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insights into photography
ABANDONED IN SYRIA: Q&A WITH JOHN WREFORD
July 29, 2013Posted by on
So if you follow us regularly you will know that our man in Damascus, John Wreford is now our man in Istanbul. In this article with NATHAN THORNBURGH he tells us something about his life in Damascus before he was able to leave and about where he needs to be now.
….[It started when] I was about to leave for a short trip for Cairo. I have residency in Syria, and to leave you have to get an exit visa. When I went to the immigration office to do it, I discovered my name was on the computer. In Syria, that’s a euphemism for being wanted by the secret police. I spent the next three months trying to leave.
Eventually, I got permission. It’s ridiculous, these lists. They didn’t tell me what it was. One suspects that they were worried I was working as an undercover journalist. They gave me permission to leave, and according to the stamp in my passport, it allows me to go back. But there’s a big risk. You need little excuse these days to lock someone up. The handful of foreigners still left in Damascus are all having trouble……..
R&K: And Istanbul is now full of your Syrian friends?
JW: Yes. It’s actually quite amusing. I lived in the old city of Damascus, and I had a small photo gallery, with a friend, in the touristy area. I knew everyone. As the war went on, a lot of them left, and it was all new faces in my neighborhood. But a lot of the people working in the tourist industry, selling carpets and so on, they’ve all come here to Istanbul. When I arrived here, it was just like walking around old Damascus, saying hi to all the old familiar faces……..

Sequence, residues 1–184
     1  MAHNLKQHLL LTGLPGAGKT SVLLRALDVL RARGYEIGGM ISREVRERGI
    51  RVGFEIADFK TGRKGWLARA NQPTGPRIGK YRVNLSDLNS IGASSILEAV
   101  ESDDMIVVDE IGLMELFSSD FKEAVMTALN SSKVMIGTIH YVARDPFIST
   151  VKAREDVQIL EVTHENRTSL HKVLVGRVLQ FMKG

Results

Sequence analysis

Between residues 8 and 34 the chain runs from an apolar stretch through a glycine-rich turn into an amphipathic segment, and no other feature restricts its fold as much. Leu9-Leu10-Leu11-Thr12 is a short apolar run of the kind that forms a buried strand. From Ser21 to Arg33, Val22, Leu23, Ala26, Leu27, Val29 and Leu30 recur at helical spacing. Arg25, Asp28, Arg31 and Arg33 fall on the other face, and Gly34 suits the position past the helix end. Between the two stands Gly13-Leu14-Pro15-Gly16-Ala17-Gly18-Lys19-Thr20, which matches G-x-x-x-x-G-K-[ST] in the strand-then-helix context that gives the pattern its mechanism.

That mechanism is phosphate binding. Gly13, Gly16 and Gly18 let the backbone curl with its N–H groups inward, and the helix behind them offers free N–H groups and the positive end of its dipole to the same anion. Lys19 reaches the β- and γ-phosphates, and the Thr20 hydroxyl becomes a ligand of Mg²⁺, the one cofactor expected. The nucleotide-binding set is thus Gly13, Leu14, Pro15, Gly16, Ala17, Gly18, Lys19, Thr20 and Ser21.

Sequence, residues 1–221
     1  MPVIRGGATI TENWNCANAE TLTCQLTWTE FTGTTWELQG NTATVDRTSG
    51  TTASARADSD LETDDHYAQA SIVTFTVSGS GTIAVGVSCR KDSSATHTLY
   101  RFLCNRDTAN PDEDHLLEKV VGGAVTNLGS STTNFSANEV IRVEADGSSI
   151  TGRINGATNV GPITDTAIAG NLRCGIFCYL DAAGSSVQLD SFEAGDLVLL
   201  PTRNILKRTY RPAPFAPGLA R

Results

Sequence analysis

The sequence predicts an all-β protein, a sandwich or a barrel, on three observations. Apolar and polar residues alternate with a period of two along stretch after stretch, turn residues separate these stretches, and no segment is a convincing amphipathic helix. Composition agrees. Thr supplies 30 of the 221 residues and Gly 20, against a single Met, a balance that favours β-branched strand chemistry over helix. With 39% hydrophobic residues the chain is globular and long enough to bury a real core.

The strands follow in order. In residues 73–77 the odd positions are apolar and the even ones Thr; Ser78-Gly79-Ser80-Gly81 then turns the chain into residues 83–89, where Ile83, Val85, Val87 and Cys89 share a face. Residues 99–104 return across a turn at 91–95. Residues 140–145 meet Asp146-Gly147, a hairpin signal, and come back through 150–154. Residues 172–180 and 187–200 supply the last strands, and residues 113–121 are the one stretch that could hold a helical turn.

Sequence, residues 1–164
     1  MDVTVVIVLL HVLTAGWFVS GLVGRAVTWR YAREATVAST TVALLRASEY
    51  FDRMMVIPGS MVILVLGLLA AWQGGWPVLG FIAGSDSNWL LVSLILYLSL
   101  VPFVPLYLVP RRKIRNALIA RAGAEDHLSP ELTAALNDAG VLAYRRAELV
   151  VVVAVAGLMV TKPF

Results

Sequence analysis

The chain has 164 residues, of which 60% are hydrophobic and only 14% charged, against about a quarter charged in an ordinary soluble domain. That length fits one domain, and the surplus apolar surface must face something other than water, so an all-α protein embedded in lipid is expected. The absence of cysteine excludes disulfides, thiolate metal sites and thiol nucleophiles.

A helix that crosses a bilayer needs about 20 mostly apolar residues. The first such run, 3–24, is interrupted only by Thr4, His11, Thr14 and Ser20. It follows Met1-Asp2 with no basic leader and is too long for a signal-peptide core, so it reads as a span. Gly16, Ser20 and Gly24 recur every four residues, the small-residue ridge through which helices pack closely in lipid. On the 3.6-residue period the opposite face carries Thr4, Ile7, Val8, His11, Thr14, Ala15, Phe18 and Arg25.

…..JW: For the last two years I lived in Syria, I’ve not been able to photograph anything, and this of course is frustrating. As a photographer, as a journalist, Syria is something personal. If my situation had been different, I would’ve done it differently. I would’ve come in through the north and photographed the Free Syrian Army.
But I was already in Damascus, and I felt it important to stay, to understand what was going on, to be part of it. The media has often gotten it very wrong, or just not reported things. There’s a lack of attention paid to ordinary Syrian people living their lives.
As a photographer, the most natural thing would be to photograph the most dramatic fighting. But living there, I feel like it’s a small part of the story. It’s important and integral, but it’s not the whole story…..
R&K: We’ve been reading a lot about the fall of Homs and the government’s new momentum. Are people worried they’ve lost?
JW: This is my issue with the media. It always needs a new headline. At the beginning of war, there was a lot of attention on refugees, and then it just stopped. It was the same at the beginning of the Iraq war: attention at first, but two years later nobody cared. But after two years of being a refugee, the story is considerably worse.
But of course the media needs to move on to something different. With Syria, you have the taking of a town, the back and forth of the opposition and the regime, the changing face of the opposition and so on. For the Syrians, though, it doesn’t really affect them……..